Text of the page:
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sensitivity reduces. Most of us have experienced this phenomena when playing sport. In the excitement of the game we notice little physical pain and only after the game has finished and we have calmed down do we notice the cuts and scratches we have sustained. A reduction in the intensity of pain helps to lessen the distraction that would be associated with injury and in turn increases the chance we survive.

When escape appears impossible and an individual’s demise seems certain, the final stage of the defensive cascade can occur. This stage can be referred to as “flop” and consists of fainting (threat induced syncope) and quiescence. It is important to note that this is a very rare and only occurs in situation where death is imminent and appears unavoidable. A commonly cited example is described in the 19th Century Scottish explorer David Livingstone’s diaries, when he was attacked by a lion in Mabotsa in present day South Africa.

“I saw the lion in the act of springing upon me. He caught me by the shoulder and we both came to the ground together. Growling horribly he shook me as a terrier dog does a rat. The shock produced a stupor similar to that which seems to be felt by a mouse after the first gripe of the cat. It caused a sort of dreaminess in which there was no sense of pain nor feeling of terror though I was quite conscious of all that was happening. It was like what patients partially under the influence of chloroform describe: they see the operation but do not feel the knife. This placidity is probably produced in all animals killed by the carnivora and if so is a merciful provision of Creator for lessening the pain of death.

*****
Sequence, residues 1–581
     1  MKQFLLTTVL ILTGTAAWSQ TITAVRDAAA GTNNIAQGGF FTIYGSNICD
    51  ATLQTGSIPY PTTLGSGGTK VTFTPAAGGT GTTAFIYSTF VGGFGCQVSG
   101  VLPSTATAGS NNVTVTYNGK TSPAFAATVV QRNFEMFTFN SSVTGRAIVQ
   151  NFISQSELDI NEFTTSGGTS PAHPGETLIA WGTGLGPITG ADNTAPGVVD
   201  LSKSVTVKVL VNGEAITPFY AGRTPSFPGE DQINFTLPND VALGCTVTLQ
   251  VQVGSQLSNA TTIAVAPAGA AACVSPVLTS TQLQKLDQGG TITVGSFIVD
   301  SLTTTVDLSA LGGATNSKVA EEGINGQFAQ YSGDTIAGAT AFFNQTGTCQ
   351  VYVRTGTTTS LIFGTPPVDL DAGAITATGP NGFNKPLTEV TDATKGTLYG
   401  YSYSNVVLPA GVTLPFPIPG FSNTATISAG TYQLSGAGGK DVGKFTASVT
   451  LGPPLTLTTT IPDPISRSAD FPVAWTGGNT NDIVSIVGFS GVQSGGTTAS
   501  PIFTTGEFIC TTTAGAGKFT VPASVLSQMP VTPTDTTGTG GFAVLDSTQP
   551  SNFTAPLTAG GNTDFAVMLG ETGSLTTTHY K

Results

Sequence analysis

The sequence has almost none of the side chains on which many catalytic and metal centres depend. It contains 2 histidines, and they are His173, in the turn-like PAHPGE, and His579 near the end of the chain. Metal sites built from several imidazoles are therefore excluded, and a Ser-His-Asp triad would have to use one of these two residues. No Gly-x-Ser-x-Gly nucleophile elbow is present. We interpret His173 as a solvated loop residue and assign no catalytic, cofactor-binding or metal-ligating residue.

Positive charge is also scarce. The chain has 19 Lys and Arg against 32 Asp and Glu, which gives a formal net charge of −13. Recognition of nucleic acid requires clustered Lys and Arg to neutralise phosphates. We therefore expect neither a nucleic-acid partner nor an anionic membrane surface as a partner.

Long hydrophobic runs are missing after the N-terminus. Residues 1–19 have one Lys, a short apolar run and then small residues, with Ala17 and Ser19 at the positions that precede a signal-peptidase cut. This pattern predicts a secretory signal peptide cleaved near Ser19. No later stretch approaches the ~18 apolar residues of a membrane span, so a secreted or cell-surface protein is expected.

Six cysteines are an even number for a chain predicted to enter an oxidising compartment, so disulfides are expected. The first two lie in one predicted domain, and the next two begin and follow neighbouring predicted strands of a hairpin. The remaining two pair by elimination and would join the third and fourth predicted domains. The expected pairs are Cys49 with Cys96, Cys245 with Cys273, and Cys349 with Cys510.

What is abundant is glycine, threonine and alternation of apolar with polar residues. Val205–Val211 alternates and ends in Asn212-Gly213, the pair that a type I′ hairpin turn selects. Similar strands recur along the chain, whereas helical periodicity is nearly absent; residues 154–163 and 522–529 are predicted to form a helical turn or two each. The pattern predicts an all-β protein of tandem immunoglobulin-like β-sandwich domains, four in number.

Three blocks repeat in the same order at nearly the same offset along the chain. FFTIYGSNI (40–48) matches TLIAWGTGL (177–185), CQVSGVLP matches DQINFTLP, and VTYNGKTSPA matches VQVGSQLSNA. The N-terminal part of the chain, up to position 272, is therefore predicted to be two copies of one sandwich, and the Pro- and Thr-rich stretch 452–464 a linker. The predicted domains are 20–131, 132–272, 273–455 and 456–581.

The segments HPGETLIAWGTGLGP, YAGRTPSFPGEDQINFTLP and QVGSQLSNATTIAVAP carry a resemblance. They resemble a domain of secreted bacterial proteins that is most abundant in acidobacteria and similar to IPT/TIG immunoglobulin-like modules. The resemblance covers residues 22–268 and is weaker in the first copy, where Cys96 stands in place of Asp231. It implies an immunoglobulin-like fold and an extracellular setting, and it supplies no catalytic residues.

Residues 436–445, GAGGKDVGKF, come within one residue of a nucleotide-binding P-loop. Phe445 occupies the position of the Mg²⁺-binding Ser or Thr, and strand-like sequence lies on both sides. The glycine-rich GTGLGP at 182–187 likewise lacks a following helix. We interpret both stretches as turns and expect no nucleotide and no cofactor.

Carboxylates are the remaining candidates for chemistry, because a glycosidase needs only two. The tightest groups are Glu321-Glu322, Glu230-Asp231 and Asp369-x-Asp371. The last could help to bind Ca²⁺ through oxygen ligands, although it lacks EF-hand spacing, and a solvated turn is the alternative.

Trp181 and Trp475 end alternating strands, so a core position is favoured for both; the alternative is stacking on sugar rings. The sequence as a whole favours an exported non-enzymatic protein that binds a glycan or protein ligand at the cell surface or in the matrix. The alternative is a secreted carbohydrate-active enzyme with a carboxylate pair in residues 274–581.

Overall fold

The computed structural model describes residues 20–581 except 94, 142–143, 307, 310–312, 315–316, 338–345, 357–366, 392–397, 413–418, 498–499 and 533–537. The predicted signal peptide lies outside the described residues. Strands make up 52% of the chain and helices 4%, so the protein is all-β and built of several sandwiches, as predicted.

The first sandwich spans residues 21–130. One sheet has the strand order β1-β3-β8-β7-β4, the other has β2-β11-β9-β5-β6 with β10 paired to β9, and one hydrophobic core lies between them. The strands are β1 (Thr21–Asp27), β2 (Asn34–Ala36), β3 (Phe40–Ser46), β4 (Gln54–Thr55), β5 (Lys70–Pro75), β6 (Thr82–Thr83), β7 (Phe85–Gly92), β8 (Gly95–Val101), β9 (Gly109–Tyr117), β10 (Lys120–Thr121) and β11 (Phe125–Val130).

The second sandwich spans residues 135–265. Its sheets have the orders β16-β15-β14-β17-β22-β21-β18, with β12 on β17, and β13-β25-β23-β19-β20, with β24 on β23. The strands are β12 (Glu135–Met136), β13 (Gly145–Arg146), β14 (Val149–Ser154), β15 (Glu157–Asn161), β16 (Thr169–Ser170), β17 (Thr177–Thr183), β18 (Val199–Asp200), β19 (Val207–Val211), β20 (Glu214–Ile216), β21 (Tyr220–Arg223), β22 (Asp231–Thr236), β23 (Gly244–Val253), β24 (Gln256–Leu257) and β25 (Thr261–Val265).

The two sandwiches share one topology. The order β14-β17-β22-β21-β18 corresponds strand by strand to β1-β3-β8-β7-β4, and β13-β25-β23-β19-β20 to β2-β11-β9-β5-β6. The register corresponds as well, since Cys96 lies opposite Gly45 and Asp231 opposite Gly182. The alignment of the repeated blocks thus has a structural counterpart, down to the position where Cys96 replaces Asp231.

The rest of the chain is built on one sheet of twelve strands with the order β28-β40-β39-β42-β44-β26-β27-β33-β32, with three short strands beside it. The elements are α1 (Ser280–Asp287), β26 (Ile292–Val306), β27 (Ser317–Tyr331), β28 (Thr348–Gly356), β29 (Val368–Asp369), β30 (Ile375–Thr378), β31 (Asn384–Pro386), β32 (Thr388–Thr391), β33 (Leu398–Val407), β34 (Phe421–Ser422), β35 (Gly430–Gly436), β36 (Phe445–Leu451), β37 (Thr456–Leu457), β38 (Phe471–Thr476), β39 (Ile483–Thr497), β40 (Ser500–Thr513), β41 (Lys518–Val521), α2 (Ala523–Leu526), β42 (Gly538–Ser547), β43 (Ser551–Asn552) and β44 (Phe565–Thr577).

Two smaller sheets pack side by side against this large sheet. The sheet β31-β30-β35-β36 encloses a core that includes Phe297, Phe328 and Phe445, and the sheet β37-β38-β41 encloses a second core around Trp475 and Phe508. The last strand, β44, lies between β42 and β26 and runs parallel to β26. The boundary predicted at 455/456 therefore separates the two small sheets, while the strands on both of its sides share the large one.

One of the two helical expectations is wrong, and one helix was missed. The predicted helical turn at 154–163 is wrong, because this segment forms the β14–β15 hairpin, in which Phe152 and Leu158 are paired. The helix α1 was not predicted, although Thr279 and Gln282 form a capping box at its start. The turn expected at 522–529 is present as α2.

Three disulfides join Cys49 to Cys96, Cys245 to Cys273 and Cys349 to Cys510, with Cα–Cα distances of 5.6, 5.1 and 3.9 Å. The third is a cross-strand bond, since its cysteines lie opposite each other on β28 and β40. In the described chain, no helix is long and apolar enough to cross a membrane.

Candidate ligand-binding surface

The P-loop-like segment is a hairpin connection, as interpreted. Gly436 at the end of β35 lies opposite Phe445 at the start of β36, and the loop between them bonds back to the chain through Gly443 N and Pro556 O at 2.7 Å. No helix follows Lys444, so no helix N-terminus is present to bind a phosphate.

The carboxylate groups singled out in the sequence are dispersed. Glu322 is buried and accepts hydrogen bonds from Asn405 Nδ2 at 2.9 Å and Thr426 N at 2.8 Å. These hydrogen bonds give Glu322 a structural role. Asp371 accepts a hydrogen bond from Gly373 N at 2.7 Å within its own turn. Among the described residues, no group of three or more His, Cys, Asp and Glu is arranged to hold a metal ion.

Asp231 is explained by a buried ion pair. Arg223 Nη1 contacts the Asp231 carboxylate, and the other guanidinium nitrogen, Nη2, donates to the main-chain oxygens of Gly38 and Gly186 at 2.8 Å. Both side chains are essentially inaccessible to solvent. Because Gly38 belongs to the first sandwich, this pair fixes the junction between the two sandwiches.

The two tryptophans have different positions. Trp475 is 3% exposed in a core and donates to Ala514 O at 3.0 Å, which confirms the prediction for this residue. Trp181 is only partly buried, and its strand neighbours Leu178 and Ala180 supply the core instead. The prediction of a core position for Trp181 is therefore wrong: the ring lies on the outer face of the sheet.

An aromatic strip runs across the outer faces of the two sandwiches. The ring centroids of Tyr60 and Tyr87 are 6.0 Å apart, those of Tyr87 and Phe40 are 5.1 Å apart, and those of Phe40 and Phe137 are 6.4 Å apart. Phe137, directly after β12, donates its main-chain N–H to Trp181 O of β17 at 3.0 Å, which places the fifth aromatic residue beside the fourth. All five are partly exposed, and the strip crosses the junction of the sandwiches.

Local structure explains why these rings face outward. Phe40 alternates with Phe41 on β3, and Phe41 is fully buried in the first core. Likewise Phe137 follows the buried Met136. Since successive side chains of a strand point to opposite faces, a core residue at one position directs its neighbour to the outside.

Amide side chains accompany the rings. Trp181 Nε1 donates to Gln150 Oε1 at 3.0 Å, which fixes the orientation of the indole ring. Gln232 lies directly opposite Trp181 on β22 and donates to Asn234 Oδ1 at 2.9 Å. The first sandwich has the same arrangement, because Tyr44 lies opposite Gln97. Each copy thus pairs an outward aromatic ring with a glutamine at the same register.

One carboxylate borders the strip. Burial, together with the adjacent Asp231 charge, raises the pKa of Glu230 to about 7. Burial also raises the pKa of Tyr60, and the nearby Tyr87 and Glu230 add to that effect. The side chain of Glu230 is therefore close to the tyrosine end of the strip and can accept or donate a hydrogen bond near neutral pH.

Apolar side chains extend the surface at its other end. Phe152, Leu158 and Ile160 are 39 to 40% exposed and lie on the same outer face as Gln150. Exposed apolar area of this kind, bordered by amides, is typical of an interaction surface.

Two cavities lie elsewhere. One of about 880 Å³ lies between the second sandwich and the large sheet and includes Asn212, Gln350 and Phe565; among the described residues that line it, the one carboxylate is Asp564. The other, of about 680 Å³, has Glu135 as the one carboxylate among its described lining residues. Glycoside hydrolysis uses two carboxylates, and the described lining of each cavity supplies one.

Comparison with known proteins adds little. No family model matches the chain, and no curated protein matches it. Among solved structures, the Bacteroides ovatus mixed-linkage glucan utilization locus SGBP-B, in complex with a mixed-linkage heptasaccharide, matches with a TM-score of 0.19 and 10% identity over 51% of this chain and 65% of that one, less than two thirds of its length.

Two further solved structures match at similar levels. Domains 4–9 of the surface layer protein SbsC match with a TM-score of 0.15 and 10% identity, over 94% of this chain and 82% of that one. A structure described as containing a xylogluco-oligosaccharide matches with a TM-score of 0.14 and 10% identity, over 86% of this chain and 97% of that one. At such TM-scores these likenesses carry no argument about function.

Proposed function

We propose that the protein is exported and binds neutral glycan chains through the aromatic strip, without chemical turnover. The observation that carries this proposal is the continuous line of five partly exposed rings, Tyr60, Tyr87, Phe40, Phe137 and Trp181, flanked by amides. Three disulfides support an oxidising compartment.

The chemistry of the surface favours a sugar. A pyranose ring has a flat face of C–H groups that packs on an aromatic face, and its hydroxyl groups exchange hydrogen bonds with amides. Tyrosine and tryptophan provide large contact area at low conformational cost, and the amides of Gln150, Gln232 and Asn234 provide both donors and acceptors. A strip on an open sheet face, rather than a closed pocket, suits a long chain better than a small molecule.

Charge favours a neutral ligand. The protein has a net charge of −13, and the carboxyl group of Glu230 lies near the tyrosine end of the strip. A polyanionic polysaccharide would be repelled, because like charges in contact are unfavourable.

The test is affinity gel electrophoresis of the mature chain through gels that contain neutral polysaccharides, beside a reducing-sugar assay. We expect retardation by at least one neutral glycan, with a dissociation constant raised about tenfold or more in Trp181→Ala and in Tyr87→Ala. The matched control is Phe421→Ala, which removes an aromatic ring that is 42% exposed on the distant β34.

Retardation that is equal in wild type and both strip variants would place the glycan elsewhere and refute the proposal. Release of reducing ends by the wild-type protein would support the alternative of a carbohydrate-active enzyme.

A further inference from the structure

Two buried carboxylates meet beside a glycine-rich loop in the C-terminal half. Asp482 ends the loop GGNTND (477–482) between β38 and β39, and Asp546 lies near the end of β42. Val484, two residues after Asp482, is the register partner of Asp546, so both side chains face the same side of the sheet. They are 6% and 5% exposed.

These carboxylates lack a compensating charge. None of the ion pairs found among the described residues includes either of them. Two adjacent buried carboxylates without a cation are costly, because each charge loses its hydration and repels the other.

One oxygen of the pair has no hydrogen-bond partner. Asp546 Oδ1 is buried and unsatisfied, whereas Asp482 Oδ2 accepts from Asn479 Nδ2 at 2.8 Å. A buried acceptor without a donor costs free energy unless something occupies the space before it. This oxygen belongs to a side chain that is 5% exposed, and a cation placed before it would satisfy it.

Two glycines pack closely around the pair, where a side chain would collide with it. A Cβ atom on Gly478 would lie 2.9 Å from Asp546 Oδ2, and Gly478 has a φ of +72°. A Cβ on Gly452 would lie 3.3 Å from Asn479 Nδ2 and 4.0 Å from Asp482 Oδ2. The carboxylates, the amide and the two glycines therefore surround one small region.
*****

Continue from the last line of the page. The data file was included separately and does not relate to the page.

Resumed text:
David Livingstone (1857). Missionary Travels (pp. 11-12). London: EW Cole.
Post threat recovery- Once we consider we have become safe our body rapidly enters a recovery state. This state is characterised by exhaustion, a strong desire to withdraw, remain still and often sleep. Our sensitivity to pain returns and this ensures that any wounds are protected and attended to, aiding the healing process. Cardiovascular function (heart rate and blood pressure) and respiration normalise. It has been suggested that this behavioural response is what accounts for the extreme exhaustion that occurs after people have been in a stressful or threatening state for a period. They appear to “run on adrenalin” and then experience profound fatigue. Interestingly, modern models of psychological therapy for post traumatic reactions encourage those who suffer trauma to “go with” this behaviour. They are encouraged to “lay low”, surround themselves with the support they need, sleep as much as they require and create surroundings that feel safe. It is only later that exposure based treatments are suggested, and then only if the individual is displaying signs that their adjustment has been compromised.
These are the normal, hardwired behaviours that humans have evolved to manage threat. They are not pathological themselves, but can become so when our experience of them is interrupted in various ways. Read the blog post about panic disorder for an example of when the response becomes a problem.